Protocol decoding

This chapter discusses the process of decoding logic signals via a script. Some of them may refer to this kind of scripts as “protocol interpreter”. Their objective is to extract and display meaningful data out of a sequence of brute logic signals (0’s and 1’s).

To implement a protocol decoder, you will need to perform the following tasks:

  • Access the logic signals, which we will also refer to as “navigating thought the samples”
  • Build decoder items, which is the final outcome of the protocol decoder: Human readable pieces of information explaining the underlying bits and bytes of the protocol being decoded. (There are other output forms that will be discussed in next chapters.)

Logic signals decoding entry-point function

Logic signals decoding is started by ScanaStudio using the entry-point function on_decode_signals(resume). This function is called each time ScanaStudio needs to decode logic signals using that script. In some situations, this function may be called repeatedly as new chunks of logic signals come in (in case of a logic analyzer that supports live data stream). The function argument “resume” is true if it’s a repeated function call for the same capture. At the very first call to that function, the resume parameter is always false. All global variables (that are declared outside on_decode_signals() function) retain their value between different calls with resume == true.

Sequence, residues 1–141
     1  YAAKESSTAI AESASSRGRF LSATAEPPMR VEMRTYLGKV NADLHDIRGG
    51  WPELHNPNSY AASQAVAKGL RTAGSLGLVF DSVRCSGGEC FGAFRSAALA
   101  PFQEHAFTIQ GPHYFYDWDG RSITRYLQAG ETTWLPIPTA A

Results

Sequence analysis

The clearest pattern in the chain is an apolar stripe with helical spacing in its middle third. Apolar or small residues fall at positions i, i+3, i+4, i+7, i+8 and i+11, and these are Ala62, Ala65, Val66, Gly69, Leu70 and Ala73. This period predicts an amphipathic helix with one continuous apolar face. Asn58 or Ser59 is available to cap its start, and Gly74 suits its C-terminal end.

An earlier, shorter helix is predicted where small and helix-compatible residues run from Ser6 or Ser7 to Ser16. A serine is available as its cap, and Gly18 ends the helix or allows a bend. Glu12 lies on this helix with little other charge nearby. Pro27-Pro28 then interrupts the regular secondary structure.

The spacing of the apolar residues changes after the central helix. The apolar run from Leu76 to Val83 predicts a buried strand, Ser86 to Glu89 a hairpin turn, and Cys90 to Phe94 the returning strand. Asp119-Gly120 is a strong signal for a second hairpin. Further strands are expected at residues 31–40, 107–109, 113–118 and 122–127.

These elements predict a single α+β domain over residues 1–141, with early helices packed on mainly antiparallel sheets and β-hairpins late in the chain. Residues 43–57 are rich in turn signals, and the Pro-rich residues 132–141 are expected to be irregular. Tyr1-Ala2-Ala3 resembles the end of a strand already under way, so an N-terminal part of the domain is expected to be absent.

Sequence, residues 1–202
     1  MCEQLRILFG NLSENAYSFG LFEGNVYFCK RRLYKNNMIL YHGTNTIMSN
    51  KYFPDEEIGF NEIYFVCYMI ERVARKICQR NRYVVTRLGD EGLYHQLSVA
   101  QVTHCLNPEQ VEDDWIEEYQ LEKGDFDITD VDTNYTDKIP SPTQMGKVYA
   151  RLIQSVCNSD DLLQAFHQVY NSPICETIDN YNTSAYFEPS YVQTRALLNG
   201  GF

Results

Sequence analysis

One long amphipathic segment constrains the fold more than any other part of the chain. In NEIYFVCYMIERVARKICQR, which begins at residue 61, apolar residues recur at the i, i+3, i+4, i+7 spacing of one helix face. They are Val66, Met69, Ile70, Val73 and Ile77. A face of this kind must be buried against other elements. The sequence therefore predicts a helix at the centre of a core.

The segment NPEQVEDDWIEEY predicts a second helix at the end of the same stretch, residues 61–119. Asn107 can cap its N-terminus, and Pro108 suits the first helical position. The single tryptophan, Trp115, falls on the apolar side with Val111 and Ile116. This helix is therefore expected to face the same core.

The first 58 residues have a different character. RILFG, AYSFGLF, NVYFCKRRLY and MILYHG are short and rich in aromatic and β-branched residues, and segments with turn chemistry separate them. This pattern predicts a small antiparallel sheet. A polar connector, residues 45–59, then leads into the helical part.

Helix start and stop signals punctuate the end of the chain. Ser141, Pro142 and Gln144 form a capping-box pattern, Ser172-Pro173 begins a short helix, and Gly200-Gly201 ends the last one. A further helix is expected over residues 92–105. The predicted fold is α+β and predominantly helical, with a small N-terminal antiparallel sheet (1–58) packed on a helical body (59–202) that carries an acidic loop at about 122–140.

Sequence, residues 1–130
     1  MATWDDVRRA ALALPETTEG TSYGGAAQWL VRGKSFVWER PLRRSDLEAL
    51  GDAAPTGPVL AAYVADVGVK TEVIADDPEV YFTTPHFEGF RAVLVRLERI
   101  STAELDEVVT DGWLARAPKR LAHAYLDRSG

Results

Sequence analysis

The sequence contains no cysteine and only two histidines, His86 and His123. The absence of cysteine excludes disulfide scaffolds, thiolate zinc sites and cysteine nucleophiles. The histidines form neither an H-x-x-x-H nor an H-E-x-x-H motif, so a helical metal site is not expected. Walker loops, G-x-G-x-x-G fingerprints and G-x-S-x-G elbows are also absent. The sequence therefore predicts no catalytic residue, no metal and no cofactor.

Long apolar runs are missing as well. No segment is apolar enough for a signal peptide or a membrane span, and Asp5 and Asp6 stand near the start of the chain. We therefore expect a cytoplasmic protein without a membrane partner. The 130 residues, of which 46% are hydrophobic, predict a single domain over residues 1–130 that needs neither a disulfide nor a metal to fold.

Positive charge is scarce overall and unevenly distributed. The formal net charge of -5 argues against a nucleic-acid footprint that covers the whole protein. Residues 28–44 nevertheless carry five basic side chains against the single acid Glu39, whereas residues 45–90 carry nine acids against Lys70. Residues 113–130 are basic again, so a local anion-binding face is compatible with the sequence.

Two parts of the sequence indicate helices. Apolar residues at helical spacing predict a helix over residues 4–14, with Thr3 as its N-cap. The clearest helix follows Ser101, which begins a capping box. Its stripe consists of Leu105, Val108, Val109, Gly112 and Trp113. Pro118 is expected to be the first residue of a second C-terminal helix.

function on_decode_signals(resume)
  if (resume != true) //First call, initialize
      //Initialize your script here

  while (ScanaStudio.trs_is_not_last(pwm_ch))
    // decoding goes here

The script must be carefully written in a way that supports and makes use of the resume parameter. Practically, this means that each time the on_decode_signals(true) function is called, it needs to resume from where it left. The way this can be implemented is left to the programmer behind each script, but usually, implementing a state machine is a good start to ensure your on_decode_signals function scales up smoothly while more features are added to your script. A global value can hold the current state of the state machine, allowing the operation to be easily resumed from where it left.

The script must also implement the on_draw_gui_decoder() entry point function. This function shall display the GUI that will be used to configure the decoder. The choices made by the user of the script in that GUI can be retrieved via the gui_get_value function as described in the GUI chapter.

More about logic signals in ScanaStudio

In order to “navigate” through millions (and sometimes billions) of samples in an efficient way, it’s important to understand how ScanaStudio stores samples, and how you’re meant to browse those samples. Optimizing the speed at which your script accesses samples and transitions is paramount and will naturally affect the speed at which your script can decode the signals.

logic samples and transitions

ScanaStudio does not store each and every sample captured. Only transitions are stored using this format:

  • Transition polarity (also referred to as “transition value”)
  • Sample index associated with that transition

Knowing the sampling rate and the sample index, you can calculate the exact position in time of each transition.